giorgio locatelli made in sicily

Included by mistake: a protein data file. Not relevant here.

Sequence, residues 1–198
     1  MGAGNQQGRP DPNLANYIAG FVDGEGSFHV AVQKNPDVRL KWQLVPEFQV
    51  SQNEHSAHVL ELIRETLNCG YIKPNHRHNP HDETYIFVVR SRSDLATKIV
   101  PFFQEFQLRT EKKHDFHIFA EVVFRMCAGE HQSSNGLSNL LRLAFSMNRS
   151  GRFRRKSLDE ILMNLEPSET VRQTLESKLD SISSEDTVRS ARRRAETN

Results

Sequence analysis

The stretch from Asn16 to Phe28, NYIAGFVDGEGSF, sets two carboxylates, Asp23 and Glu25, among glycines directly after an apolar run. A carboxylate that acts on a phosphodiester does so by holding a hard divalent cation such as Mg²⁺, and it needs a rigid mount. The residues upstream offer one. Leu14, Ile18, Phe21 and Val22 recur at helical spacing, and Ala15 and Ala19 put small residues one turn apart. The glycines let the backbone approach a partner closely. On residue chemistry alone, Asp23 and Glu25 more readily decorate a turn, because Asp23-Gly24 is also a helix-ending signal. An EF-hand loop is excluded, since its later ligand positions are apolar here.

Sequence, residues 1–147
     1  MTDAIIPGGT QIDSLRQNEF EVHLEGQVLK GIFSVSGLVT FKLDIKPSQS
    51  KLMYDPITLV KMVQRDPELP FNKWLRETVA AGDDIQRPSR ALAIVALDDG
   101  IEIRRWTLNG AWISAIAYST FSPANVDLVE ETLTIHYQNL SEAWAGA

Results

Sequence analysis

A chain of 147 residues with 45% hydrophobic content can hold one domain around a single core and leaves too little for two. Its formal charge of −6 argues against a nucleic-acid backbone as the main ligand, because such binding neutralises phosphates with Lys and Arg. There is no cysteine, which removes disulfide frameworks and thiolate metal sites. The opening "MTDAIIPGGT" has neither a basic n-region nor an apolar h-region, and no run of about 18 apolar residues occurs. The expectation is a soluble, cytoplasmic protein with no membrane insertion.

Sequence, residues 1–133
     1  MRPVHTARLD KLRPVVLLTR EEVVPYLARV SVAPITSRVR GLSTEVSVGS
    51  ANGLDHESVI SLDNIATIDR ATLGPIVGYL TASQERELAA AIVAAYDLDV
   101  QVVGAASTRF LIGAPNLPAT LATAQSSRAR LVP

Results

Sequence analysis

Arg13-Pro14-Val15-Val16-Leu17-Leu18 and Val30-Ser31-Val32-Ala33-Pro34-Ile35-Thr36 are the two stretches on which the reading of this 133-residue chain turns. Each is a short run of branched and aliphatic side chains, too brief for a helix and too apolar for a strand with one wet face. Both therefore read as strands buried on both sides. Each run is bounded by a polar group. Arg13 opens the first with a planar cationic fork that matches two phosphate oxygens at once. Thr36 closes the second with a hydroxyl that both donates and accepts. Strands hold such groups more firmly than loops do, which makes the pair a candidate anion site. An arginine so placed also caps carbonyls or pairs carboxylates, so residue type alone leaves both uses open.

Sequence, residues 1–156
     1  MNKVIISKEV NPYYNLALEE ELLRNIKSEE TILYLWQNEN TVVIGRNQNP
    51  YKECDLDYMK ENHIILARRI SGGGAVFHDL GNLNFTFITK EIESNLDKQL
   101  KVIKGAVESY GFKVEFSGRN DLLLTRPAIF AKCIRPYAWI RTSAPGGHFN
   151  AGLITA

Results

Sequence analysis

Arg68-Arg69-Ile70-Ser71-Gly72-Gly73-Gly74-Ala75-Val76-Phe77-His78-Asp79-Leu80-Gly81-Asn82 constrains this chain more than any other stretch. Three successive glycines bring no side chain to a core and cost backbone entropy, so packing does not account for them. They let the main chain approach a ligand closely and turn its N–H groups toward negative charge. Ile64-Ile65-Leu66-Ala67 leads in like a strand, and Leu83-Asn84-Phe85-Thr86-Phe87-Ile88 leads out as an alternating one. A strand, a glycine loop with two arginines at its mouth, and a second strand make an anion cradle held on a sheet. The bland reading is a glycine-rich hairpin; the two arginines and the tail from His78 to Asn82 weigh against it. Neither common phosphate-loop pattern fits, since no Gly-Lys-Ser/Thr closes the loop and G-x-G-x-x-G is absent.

The Sicily campaign had huge ramifications and it was absolutely crucial to the Allied effort in the war for several reasons: it was the vital gateway to confronting Nazi Germany on European soil; it was the first collaborative campaign between the US and UK on equal footing, after which the military coalition became closely coordinated; it largely knocked Italy, a key Nazi ally, out of the war; the invasion was a critical learning experience prior to the D-Day invasion eleven months later. The story is incredibly dramatic, from the longest amphibious landing in history to pitched battles on land and sea and in the air, to secret deals with the Mafia. The 38-day Sicily campaign is an underpublished area of World War II history, despite its great importance. The last big book on Sicily alone was a Carlo D’Este’s Bitter Victory , published originally in 1988 and reissued in paperback in 2008. The Day of Battle , by Rick Atkinson, also published 12 years ago in 2008 and part of his WWII trilogy, covers the Sicily campaign and the campaign for Italy; the crucial 38 days in Sicily are a small part of it. Much new research on the Sicily campaign has emerged in the last decade and James Holland has undertaken more on-the-ground research in Sicily than any historian, uncovering documents and records nobody else has had access to. Surprising new details include the arrangement the Allies made with the Mafia, about which Holland writes: “I’ve made some connections that I don’t think anyone else has spotted.” James Holland is a rising star among military and WWII historians. His great skills lie in narrating the big picture through the experiences of those who lived through events, leaders and rank-and-file on all sides; and in always incorporating the logistical side of warfare into the battles themselves. He is a superb storyteller and riveting speaker. We have sold more than 110,000 copies of Holland’s books in all formats, and each of his last three books has been his bestselling title. Holland’s most recent Normandy ‘44 was named an Amazon Best History Book of the Year So Far and was one of the bestselling of all the 30-odd D-Day books published in conjunction with the anniversary with almost 25,000 copies sold in hardcover. Normandy ’44 , Big Week , The Rise of Germany , and The Allies Strike Back were all main selections of Military History Book Club. Holland is a house author, with two more books under contract, and his following in the US grows with each book. He has an open invitation to speak at the World War II Museum in New Orleans and the Pritzker Military Museum and Library in Chicago, among other venues. He gets speaking invitations in the US frequently. Holland has established a documentary film company, and his first production is a three-part film tied to Normandy ’44 , largely narrated by Holland on location in Normandy. It will come out on Amazon Prime on May 14, in time for the paperback publication. His second documentary, now in the works, is tied to Sicily ’43 , and will be ready to air on Amazon Prime in conjunction with the book’s publication. Holland’s regular podcast has now hit more than 1.5 million downloads, with 150,000 in the US—a number that is growing fast. It’s raising his profile rapidly. Holland directs the popular Chalke Valley History Festival every summer in the UK.